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or $15, all comers were invited to make their own hula hoop to take home at the end of Family Day for Roy and Peaches’ circus camp. After spending some time hula-hooping with Peaches after we’d arrived, I was no craftier than I’d been when I walked in the door but I was excited about the prospect of having my own hula hoop. And, sure, Peaches could make one too, whatever; the one she had at home now qualified as a ‘hand hoop’ she had informed me and so, I suppose, it was only fair.

But the difference is that Peaches is good at everything in that way young things are. If there had been a stilt-making station, she could just as easily have made her own pair of those and tottered out the door on them. I, on the other hand, had completely forgotten I could hula hoop! In the afterglow of my five minutes of energetic hula-hooping to a local band’s cover of “It’s Time” by Imagine Dragons, I spent the next 45 minutes measuring and cutting tubing, dropping rocks inside of the hoop and taping that bad boy up.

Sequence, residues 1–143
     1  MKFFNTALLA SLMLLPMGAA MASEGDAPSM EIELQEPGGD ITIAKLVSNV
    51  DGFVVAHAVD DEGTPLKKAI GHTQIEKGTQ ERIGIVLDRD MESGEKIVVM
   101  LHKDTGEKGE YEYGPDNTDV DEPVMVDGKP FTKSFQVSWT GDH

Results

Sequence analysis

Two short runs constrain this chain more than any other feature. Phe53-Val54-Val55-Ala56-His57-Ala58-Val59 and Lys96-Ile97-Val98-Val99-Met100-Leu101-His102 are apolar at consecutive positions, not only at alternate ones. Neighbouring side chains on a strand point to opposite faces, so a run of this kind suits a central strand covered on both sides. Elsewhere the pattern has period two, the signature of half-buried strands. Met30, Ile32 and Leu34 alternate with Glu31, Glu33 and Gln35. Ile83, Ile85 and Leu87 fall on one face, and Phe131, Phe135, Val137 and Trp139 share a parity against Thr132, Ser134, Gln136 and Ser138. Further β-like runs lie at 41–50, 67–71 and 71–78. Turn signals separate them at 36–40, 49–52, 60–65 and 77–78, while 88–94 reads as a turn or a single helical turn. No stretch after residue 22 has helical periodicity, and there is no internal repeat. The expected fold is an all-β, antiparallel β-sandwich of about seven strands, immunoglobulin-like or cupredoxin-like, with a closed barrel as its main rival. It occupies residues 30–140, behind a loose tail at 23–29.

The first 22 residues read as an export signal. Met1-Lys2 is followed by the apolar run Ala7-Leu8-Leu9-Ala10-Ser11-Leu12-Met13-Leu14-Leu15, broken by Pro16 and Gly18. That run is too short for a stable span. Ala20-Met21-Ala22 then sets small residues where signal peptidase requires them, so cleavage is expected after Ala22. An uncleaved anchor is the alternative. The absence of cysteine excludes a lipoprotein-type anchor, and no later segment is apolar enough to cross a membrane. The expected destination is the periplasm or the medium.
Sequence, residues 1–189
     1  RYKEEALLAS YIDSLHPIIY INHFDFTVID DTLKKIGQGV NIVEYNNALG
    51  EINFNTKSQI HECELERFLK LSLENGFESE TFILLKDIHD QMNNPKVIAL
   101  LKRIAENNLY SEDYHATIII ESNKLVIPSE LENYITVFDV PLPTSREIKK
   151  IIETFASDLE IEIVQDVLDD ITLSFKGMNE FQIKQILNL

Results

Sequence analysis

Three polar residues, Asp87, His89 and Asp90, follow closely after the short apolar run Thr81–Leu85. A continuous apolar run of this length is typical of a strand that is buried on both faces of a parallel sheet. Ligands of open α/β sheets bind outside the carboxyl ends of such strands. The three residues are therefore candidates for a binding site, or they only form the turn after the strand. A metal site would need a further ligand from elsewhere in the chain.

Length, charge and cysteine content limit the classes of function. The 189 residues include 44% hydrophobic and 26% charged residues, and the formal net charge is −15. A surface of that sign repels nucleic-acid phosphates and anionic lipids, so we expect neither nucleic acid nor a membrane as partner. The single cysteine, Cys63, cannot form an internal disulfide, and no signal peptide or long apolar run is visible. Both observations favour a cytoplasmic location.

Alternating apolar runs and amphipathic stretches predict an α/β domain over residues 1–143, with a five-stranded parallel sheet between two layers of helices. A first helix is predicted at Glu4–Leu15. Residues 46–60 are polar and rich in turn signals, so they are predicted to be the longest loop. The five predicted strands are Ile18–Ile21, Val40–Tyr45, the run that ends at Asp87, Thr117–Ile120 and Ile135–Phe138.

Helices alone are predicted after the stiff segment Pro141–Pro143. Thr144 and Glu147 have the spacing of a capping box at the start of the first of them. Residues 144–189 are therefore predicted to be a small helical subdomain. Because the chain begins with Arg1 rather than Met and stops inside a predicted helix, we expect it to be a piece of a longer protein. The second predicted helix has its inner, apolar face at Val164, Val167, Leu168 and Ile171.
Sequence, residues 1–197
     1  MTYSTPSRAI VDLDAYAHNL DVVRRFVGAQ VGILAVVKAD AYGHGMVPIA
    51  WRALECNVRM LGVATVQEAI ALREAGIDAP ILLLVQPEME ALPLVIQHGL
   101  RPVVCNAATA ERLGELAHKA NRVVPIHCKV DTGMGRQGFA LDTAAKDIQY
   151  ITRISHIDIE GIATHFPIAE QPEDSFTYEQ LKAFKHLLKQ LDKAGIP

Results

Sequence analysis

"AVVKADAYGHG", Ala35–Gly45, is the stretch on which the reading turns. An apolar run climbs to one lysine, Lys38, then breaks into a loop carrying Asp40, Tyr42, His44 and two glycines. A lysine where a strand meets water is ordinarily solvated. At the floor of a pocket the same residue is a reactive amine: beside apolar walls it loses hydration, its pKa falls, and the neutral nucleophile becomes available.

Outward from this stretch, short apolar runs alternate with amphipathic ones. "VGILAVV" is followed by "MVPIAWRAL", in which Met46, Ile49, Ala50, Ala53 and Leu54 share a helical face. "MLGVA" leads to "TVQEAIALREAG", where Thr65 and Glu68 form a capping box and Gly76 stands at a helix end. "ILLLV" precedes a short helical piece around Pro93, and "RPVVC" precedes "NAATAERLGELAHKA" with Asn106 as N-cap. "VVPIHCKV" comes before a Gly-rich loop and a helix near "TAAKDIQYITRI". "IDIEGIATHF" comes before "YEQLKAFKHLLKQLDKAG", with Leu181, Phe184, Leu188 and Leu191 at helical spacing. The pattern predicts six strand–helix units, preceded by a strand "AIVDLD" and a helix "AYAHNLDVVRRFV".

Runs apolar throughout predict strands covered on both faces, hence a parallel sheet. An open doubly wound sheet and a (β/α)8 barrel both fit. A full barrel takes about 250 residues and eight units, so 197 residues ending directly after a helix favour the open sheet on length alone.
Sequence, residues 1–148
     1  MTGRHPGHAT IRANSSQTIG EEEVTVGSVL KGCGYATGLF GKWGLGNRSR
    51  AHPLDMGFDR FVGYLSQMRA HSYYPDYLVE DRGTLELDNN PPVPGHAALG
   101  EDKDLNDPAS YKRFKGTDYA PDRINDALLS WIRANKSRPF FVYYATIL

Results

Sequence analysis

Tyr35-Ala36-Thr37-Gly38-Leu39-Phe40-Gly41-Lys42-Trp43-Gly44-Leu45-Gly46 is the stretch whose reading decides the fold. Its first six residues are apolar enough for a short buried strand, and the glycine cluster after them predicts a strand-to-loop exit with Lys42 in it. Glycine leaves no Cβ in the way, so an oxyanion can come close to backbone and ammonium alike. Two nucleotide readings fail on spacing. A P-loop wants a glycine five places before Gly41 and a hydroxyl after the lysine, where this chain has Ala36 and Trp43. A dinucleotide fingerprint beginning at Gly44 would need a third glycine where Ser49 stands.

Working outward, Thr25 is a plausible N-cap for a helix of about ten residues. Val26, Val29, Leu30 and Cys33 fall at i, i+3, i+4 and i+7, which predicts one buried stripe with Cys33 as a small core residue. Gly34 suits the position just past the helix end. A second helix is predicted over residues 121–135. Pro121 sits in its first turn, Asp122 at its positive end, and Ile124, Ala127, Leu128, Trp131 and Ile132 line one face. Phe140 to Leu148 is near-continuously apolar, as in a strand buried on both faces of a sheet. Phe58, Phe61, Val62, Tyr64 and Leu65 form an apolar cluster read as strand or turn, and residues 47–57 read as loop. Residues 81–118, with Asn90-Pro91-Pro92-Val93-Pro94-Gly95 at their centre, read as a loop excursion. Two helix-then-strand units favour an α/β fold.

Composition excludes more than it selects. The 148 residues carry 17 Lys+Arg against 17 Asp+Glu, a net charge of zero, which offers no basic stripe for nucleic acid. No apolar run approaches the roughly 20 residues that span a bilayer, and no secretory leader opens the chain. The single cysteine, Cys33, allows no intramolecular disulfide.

“You know, it’s not until you take the hoops out of the circus that you really appreciate how big they are,” Scott observed.

It’s not that my hoop is so outlandishly big (although it is), it’s that it represents something momentous: the remembrance of aptitudes past. There are things that get stuffed away in a drawer—you don’t need them, you’re growing up or raising children or teaching for America, and so they get pushed to the back and buried under all of the new things that fill up your life. You forget that you are capable of more than responding to the demands of any given day, that there was a time when you could creatively respond to challenges with energy and excitement occasionally, even, to a soundtrack.

When you could hula-hoop.